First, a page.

World’s Crappiest Oscilloscope… v1

When Ms Geek gave me an Arduino Leonardo to play with, one of the first things I did was go through the examples. After almost two decades of experience with PICs, I was amazed at how easy it was to get things like serial communication and ADC working. Don’t get me wrong – I’m still a PIC guy… but I think I’m an Arduino guy now, too.

The ReadAnalogVoltage example caught my attention because it was so simple. Here’s the setup. It’s just a potentiometer with one end terminal connected to +5v and one to GND, and the wiper connected to A0:

Not much to it, eh? That bent yellow wire in the middle just holds the Leonardo in place.

I played around with it for a while and watched the output on the Serial Plotter, but then I had a thought. You need to run the Arduino software to use the Serial Plotter, and besides, the Serial Plotter looks too nice. Half-remembered days of coaxing dusty old VT100 and TN3270 terminals back to life and running a BBS made me think – I could do the same thing, but not as good!

I dug through some of my old PIC programs and found a serial terminal that I wrote back in 2002. Between that and the ANSI sequences at http://ascii-table.com/ansi-escape-sequences.php, I stapled together a really bad looking display that I like to call the World’s Crappiest Oscilloscope, v1. Here’s the program:

// World's crappiest oscilloscope v1
// Borrows heavily from ReadAnalogVoltage example in the Arduino Examples menu
// Uses Arduino Leonardo, reads voltage on analog pin A0, then uses good old ANSI
// codes to
// draw a really bad oscilloscope in a serial terminal.
// A little amusing but very useless.
// Info about ANSI codes is at http://ascii-table.com/ansi-escape-sequences.php
// **THIS PROGRAM IS FREE TO USE AND MODIFY AS YOU SEE FIT**

void setup() {

  pinMode(A0, INPUT); // Set pin A0 to input.

  Serial.begin(9600); // initialize serial communication at 9600 bits per second.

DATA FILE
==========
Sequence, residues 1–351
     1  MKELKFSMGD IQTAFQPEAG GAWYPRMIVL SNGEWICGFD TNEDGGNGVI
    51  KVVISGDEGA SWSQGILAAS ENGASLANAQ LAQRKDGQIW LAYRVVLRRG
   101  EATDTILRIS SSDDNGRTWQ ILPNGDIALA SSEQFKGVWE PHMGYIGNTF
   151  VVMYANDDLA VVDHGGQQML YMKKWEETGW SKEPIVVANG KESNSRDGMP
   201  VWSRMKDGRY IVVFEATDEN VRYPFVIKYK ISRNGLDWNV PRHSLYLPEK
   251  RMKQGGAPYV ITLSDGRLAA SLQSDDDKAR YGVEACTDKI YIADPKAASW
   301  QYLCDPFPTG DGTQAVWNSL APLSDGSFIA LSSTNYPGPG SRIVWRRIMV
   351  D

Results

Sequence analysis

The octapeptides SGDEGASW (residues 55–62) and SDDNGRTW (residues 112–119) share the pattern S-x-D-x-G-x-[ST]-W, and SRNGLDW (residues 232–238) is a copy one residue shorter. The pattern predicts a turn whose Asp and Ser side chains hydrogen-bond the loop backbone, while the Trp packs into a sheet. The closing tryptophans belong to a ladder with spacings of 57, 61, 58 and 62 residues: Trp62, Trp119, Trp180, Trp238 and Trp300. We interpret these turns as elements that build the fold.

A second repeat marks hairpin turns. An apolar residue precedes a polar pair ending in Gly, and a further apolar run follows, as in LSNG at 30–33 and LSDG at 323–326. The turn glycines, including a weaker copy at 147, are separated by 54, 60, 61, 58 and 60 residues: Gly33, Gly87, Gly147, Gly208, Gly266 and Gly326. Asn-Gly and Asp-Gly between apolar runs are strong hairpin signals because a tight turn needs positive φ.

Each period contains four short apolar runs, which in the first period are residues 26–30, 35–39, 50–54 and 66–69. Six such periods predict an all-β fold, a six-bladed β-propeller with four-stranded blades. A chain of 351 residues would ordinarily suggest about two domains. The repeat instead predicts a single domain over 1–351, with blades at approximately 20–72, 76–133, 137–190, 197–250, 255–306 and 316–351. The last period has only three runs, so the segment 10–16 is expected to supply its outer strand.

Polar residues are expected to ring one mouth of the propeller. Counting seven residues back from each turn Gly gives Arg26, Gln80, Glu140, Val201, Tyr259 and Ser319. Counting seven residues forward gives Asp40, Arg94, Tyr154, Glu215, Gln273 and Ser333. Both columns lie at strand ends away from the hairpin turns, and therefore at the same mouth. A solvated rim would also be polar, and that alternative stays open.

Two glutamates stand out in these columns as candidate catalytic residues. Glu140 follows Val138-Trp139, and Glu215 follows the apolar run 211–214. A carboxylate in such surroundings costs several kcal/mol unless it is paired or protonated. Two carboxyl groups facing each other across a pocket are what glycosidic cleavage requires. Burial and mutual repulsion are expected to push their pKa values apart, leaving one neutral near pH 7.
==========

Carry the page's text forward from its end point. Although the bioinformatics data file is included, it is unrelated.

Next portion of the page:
delay(3000);  // Should be enough time to start up a serial terminal.

  // Warm up the tubes...
  Serial.write(27); // Clear terminal screen with ESC [2J and ESC is ASCII 27
  Serial.print("[2J");
  Serial.println("Warming up the tubes, please wait...");
  delay(2000);  // This just here for dramatic effect.
  Serial.println("Starting...");
  delay(2000);  // This also just here for dramatic effect.
}


void loop() {

  // Now set up the fancy oscilloscope screen. Ah, the good old ANSI days...

  // Set Oscilloscope screen to white markers on black background.
  Serial.write(27);
  Serial.print("[0;37;40m");
  
  Serial.write(27);  // Clear Terminal screen with (esc)[2J, (esc) is ASCII 27
                    // Serial.write sends binary data to the serial port
  Serial.print("[2J");
  Serial.write(27); // ESC again.
  Serial.print("[H"); // cursor to home.

  // The following lines draw the scale up the left side of the terminal screen and
  // the bottom border.
  Serial.print("5.00V|\r\n");
  Serial.print("4.75V|\r\n");
  Serial.print("4.50V|\r\n");
  Serial.print("4.25V|\r\n");
  Serial.print("4.00V|\r\n");
  Serial.print("3.75V|\r\n");
  Serial.print("3.50V|\r\n");
  Serial.print("3.25V|\r\n");
  Serial.print("3.00V|\r\n");
  Serial.print("2.75V|\r\n");
  Serial.print("2.50V|\r\n");
  Serial.print("2.25V|\r\n");
  Serial.print("2.0V0|\r\n");
  Serial.print("1.75V|\r\n");
  Serial.print("1.50V|\r\n");
  Serial.print("1.25V|\r\n");
  Serial.print("1.00V|\r\n");
  Serial.print("0.75V|\r\n");
  Serial.print("0.50V|\r\n");
  Serial.print("0.25V|\r\n");
  Serial.print("0.00V|________________________________________________________________________________\r\n"); // 80x _
  Serial.print("                         WORLD'S CRAPPIEST OSCILLOSCOPE v1\r\n");

  byte ColumnCount = 7; // Okay, there are 50 columns to put data into, starting at column 7 and ending at 57.